“Myra Schneider makes us aware of the capacity for humans either to unite and create communities or else to tear them down. It’s an apt collection for these times where humanity can save itself or let the climate crisis destroy it. Myra Schneider writes with compassion, urging readers to think about the consequences of their actions.”
The London Grip
“I’ve read and re-read the poems and enjoyed the range and your technical skill and varied themes. I love the fun and fantasy of poems such as. Your poems about the natural world are really lovely with fine detail from observation. Part 4 is epic, such a clever way of writing about Shostakovich interspersed with memories of your own.”
“I’ve been tremendously impressed with Siege and Symphony and send you warm congratulations on such a significant achievement. It’s more true of poets than of artists that in their maturity they get better and better: this is a good case in point. You have nothing to prove at this stage in your career, but you rise to the challenge of crafting a collection full of varied and memorable poems and concluding with a suitably resounding climax.”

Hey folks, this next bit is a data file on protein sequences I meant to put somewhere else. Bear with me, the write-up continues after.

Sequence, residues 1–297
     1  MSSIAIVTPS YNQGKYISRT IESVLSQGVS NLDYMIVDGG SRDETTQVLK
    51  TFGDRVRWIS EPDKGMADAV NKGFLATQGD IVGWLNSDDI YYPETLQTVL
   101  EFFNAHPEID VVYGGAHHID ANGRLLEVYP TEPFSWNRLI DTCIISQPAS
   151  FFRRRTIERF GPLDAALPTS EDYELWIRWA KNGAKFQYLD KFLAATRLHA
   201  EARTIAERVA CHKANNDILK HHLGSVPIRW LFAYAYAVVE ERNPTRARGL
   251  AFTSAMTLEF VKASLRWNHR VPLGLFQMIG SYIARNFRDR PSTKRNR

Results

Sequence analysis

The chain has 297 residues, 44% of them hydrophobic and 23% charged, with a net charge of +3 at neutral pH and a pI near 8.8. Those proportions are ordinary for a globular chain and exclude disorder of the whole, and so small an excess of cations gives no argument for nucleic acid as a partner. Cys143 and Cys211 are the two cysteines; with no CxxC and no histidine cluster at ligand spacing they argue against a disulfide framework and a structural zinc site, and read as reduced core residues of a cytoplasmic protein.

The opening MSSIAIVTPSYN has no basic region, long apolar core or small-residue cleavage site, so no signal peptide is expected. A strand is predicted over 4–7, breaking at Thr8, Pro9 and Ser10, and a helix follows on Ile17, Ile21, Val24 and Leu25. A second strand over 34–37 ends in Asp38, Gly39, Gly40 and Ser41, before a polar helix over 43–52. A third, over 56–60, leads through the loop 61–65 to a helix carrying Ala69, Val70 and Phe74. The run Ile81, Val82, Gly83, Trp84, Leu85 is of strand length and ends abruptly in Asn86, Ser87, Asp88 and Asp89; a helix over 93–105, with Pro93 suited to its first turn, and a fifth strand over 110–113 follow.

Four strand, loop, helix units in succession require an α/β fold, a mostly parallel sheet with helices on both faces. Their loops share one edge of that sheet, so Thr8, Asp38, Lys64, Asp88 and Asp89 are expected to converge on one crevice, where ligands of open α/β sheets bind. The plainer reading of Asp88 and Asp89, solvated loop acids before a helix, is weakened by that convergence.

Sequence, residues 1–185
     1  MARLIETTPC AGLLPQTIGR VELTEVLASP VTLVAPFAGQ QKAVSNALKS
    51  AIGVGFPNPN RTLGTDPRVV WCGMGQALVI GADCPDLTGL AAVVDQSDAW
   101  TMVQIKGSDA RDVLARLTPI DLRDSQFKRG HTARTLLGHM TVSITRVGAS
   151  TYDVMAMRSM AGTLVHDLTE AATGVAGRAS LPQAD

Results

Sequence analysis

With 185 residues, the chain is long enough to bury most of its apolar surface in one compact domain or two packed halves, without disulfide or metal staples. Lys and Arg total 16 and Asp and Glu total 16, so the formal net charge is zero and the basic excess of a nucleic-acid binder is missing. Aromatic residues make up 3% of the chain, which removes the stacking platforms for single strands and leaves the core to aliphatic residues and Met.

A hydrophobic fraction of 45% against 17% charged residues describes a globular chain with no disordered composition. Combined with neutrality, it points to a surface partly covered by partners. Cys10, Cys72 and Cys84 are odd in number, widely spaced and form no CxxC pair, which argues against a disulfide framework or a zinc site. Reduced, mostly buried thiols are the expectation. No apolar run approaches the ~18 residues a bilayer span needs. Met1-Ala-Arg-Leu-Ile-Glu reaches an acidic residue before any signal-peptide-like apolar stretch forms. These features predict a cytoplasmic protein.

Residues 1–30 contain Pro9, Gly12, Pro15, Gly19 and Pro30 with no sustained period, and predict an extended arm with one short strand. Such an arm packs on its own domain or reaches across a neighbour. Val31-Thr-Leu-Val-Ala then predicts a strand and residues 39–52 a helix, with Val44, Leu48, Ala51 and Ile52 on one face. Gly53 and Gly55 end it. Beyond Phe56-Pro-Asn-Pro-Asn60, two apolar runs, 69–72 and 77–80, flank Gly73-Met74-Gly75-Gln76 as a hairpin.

“The title sequence is panoramic and very moving as well as informative. Research has paid off. But I wander among the earlier poems finding delights. This morning it was the child discovering she could read, and everything that went with it in that poem.”
“Many thanks for your gorgeous rich book – ideas flamboyant, finish perfect. I haven’t had time to read it all but the idea of siege and symphony is really geared to our times.”
All month we’re sharing poets’ books of the year! Another Marvin Thompson pick: Siege and Symphony by Myra Schneider (Second Light Publications). “Schneider depicts great art as spiritual sustenance.”